Riding Your R6

Me? For me it’s a blend of adrenaline and peace. Like sitting on a nice beach watching a thermonuclear mushroom cloud. Like bungee jumping with no credit card debt. Or like being desperately in love with a Hammerhead Shark.

What’s it like for you?


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Keith Code is no doubt a legend in the motorcycle racing and safety world. To complement his fantastic series of books, Twist of the Wrist I and II, he is releasing a movie for the visually inclined. To preorder one of these no doubt insightful and helpful DVDs go to Sportbikewrench.com.

Part One: The idea


Part Two: The Making Of


Part Three: Use Of Computer Graphics

If you are reading this article via Facebook or RSS it is likely you will need to come to the original post to see the videos.

Via | onthethrottle.com

I have pondered long and hard how racers ride such quick laps. Finally Ben Spies is here to explain this in intricate detail. This will make you a better rider for sure!

http://www.r6blog.com

I have a 2006 Yamaha R6 which supposedly has very bad low end torque and is therfore (according to some wannabe pundits) unsuitable for street use. I’m not quite convinced.5891_100995262780_584412780_2152261_7866925_n

When I read the official motorcycle reviews and the unofficial opinions on Yahoo Answers it seemed there was a general consensus that the low end torque was debilitating to street use. They often cite a unreachable power band, unusable power, and inevitably how a GSXR or CBR is a better bike for the street.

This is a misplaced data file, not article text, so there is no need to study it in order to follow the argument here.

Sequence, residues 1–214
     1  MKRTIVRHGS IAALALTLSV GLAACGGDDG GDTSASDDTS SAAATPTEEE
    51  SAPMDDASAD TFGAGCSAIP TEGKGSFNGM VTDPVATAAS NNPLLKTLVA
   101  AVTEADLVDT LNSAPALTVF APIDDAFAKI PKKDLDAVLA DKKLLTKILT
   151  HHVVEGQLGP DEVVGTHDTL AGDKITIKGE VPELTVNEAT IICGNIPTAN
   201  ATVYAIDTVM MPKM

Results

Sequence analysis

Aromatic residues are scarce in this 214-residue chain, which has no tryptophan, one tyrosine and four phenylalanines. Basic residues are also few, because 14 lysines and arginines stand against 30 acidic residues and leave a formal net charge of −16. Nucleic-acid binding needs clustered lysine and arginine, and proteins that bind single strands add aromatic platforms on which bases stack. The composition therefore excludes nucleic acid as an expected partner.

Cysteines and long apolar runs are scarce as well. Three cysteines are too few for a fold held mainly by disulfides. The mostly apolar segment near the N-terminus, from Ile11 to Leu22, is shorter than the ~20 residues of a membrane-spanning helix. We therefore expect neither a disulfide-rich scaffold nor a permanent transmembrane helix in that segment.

I ride my Yamaha R6 every day, every where and couldn’t disagree more. I’ve put almost 7,000 miles on it this year even with the reduced riding season here in Idaho. I know that isn’t as much as some others put on in a year but at least you can believe me when I say I’ve spent some time on the bike.

Here are some quick numbers. The R6 is supposedly capable of a zero to sixty in 3.7 seconds. I can’t claim this number as I value the life of my clutch and drivetrain but 3.7 seconds is a good place to start to debunk this fantasy that the Yamaha R6 is hard to ride on the street.

My 2006 R6 puts out 50.2 ft lbs at 6930 RPM. Anyone who thinks that isn’t enough to get around town doesn’t understand the overwhelming maths that represents. My supposedly unstreetable R6 has a 4.4 lbs per HP ratio with me on it (578 lbs/131 BHP=4.4 lbs/BHP). That’s better than a Corvette ZR-1 which has a ratio of 5.2 lbs/1 BHP! Just in case you were wondering that is also better than a Ferrari 599, Porshe GT2, and Lamborghini Gallardo.

I will admit that the low end power isn’t unbelievable and hi RPMs are essential to tapping the inline engine’s full potential of fury but not to the length that some so-call experts claim.

Another component of this debate is the skill required to make these bikes fast. Undoubtedly all modern 600cc sportbikes are fast but I make the claim the the R6 requires just a little more out of it’s rider to maximize performance. The snappy handling and high RPM torque curve make the bike a challenge and very fast when ridden well.

If you are considering buy one of these bikes don’t let the low end torque scare you away. It’s not the big deal some make it out to be and the strengths of the bikes more than make up for it.

 And just for laughs.

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